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June 13, 2018

Multi-family development necessary, MEREDA audience told

Photo / Maureen Milliken Jesse Kanson-Benanav, a Cambridge, Mass., pro-housing and smart growth advocate, speaks at a Bangor MEREDA breakfast Tuesday.

BANGOR — More affordable multi-family development in Maine is necessary, but municipalities, developers and residents will have to work together on ways to make it happen, those attending a Maine Real Estate & Development Association breakfast were told Tuesday.

Featured speakers were Robert Frank, a principal with WBRC Architects-Engineers, and Jesse Kanson-Benanav, a Cambridge, Mass., pro-housing and smart growth advocate.

The topic was “Yes in My Backyard: Why Development is Good,” and the focus was on the challenges to multi-family development, both historically and now.

Frank said there is multi-family development occurring in Maine, but it’s small in size and in many cases the developer is also the owner. It’s difficult in Maine for developers to build multi-family housing cheaply enough for it to be affordable, particularly in areas that limit building height. When the number of units is limited, the units are more expensive to build, and, by consequence, to rent or sell.

“We have to get creative,” Frank said.

He cited a proposed multi-unit development several years ago in Belfast in which the developer was asked to keep a farm field open, squeezing the development. To meet the challenge, the design was configured, changing placement of garages and driveways. “With the original layout, it would have been 100 units, but we were able to get it up to 147,” Frank said.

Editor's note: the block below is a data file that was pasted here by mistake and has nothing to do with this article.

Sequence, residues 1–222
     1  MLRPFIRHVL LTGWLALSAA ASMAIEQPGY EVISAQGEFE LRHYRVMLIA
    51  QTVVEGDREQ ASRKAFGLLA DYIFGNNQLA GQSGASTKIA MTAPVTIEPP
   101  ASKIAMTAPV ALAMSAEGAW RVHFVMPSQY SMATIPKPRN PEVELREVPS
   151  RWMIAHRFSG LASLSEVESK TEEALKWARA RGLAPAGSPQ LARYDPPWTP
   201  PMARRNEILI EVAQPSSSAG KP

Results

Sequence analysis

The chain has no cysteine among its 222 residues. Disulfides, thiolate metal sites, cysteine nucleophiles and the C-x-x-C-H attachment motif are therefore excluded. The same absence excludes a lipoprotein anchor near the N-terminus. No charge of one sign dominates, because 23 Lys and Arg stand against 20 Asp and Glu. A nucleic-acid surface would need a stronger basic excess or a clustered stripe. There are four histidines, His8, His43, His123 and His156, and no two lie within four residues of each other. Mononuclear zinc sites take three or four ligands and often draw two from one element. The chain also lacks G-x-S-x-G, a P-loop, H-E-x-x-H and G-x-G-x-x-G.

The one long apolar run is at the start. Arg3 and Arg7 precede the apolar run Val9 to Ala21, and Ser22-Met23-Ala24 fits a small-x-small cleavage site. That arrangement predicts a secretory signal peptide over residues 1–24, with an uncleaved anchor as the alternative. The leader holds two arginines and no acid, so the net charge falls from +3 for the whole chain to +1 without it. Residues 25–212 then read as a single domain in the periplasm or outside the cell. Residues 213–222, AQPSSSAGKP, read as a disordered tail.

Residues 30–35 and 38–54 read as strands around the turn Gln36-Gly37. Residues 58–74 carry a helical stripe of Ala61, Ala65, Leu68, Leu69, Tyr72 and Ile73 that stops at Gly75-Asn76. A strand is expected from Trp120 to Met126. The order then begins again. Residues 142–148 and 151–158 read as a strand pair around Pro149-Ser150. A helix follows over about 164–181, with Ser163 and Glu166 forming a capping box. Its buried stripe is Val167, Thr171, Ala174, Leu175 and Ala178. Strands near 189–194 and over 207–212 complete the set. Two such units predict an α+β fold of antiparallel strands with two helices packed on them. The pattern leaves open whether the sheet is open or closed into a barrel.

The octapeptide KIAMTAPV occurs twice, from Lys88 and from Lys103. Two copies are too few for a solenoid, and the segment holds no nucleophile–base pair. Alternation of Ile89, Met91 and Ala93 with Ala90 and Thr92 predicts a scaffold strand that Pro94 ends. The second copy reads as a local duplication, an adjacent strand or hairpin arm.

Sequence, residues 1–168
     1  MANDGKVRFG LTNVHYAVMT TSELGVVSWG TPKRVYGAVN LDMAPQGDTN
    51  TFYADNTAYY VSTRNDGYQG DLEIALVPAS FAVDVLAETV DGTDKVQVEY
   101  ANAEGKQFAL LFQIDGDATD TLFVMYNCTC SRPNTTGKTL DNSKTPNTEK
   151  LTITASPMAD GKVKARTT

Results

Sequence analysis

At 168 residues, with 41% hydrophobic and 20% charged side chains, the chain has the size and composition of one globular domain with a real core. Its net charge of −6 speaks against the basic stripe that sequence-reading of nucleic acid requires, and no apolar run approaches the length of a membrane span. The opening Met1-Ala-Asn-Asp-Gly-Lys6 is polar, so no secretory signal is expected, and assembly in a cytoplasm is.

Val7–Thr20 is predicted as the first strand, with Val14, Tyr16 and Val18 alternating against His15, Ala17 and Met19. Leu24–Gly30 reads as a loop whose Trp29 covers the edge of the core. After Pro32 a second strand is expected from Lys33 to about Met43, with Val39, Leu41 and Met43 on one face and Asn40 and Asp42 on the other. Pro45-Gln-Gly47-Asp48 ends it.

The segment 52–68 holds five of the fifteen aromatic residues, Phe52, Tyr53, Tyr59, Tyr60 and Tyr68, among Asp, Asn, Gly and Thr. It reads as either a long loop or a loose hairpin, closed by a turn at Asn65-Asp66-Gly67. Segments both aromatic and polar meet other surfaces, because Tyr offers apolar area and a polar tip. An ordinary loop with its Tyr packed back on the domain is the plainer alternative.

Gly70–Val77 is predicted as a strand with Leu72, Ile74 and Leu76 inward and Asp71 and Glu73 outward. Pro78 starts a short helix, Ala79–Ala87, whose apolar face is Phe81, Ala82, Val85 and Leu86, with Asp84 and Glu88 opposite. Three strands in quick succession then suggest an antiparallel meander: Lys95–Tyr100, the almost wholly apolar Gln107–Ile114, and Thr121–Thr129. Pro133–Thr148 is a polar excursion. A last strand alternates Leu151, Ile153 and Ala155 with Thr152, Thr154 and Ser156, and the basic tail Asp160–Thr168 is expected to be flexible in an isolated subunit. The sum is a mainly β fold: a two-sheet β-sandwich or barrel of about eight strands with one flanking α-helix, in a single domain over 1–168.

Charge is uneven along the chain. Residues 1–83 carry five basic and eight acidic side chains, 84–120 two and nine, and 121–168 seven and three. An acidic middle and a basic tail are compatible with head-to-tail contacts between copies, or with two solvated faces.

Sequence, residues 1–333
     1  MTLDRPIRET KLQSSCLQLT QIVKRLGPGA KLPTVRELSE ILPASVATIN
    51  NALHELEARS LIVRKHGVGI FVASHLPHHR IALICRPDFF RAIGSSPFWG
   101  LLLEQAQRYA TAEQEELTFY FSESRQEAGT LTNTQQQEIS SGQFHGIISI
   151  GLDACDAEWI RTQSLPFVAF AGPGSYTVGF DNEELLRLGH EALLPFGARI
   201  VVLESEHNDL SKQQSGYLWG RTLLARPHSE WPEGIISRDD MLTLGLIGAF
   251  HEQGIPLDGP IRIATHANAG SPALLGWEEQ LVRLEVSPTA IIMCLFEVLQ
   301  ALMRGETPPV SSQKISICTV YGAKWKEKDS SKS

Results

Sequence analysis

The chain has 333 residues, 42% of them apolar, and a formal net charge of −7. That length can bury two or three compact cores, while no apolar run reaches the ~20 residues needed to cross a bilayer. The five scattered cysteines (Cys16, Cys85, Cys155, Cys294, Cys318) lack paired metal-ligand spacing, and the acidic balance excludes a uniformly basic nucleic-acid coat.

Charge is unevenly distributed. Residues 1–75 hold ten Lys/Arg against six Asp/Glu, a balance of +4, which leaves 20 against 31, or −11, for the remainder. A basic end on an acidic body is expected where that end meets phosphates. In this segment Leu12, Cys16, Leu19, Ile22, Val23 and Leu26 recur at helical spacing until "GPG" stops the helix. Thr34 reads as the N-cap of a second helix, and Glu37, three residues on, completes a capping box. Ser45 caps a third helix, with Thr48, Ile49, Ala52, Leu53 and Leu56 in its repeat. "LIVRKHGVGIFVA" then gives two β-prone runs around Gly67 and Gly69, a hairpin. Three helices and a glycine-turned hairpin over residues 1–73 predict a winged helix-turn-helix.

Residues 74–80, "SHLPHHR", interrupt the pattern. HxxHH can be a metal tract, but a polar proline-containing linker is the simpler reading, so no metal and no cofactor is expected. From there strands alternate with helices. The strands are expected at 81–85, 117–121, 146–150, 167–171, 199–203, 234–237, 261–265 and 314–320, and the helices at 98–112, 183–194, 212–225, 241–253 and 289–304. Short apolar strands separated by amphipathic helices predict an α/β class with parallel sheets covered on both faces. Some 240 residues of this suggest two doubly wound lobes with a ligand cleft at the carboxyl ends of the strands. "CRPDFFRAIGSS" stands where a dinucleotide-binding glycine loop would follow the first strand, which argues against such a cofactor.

He said that when developers, as well as those making decisions about developments, can visualize how creative measures will work and what they’ll achieve, it leads to solutions.

Kanson-Benanav, who spoke before Frank, said that the creation of new homes should be supported and encouraged, and changes to zoning and planning should be looked at for solutions.

Zoning and other restrictions on housing development, including some government loan programs, were designed decades ago to segregate communities, he said. The repercussions being felt now are that restrictions hamper housing expansion, there is often backlash against housing that people can afford and that historic low-income housing is often an “island,” not near schools and jobs.

There is also a negative environmental impact to suburban development — cars have to be used to get places and are the main cause of carbon emissions; open space and farmland is developed rather than buffering the environment or being productive.

He’s chairman of A Better Cambridge, a YIMBY organization that advocates for more affordable housing in the Boston area. He said that by 2040, greater Boston will need 435,000 more homes.

Though there’s been a recent wave of development in the past few years, 50% of the multi-family building permits in greater Boston were in five or six communities.

“The existing residents tend to be of low incomes, and have to compete with newcomers, who have higher incomes,” he said.

“There’s always a strong backlash against multi-family development,” he said. “There’s a consistent message against new people moving to a community.”

The YIMBY movement has grown in the Boston area because of the lack of affordable housing.

He said that while his focus is on the Boston area, the lessons translate to Maine.

“So much of this is about showing up,” he said. “Only by showing up to we have the means to create the housing we need in our communities.”

After the event, Frank said he’s not seeing organized YIMBY groups in Maine. “What I do see is communitients and proponents of development working together to avoid NIMBY. “People don’t want change, there’s a fear of change,” he said. “What they have to do is visualize what that change will look like.”

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